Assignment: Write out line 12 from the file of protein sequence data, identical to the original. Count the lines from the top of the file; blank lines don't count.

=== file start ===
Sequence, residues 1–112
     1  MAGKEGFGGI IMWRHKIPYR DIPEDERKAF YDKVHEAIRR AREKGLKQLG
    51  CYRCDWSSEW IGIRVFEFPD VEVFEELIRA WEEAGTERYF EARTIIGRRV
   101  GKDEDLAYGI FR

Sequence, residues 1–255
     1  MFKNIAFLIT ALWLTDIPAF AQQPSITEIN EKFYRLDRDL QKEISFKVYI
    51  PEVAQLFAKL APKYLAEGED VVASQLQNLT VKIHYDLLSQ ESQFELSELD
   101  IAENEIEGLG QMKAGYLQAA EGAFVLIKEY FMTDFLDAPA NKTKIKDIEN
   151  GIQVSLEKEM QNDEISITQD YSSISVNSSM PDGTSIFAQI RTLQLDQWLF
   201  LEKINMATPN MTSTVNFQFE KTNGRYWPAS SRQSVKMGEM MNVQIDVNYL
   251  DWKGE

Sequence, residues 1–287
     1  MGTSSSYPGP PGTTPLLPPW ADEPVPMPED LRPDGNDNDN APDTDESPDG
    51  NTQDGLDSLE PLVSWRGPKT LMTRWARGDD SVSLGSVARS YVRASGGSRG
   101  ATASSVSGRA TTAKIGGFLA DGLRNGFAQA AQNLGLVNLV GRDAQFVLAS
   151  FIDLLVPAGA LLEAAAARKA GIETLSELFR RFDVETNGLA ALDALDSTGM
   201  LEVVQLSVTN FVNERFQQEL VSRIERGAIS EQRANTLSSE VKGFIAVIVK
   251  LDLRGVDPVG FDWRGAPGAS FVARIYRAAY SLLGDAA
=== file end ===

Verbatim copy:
Sequence, residues 1–287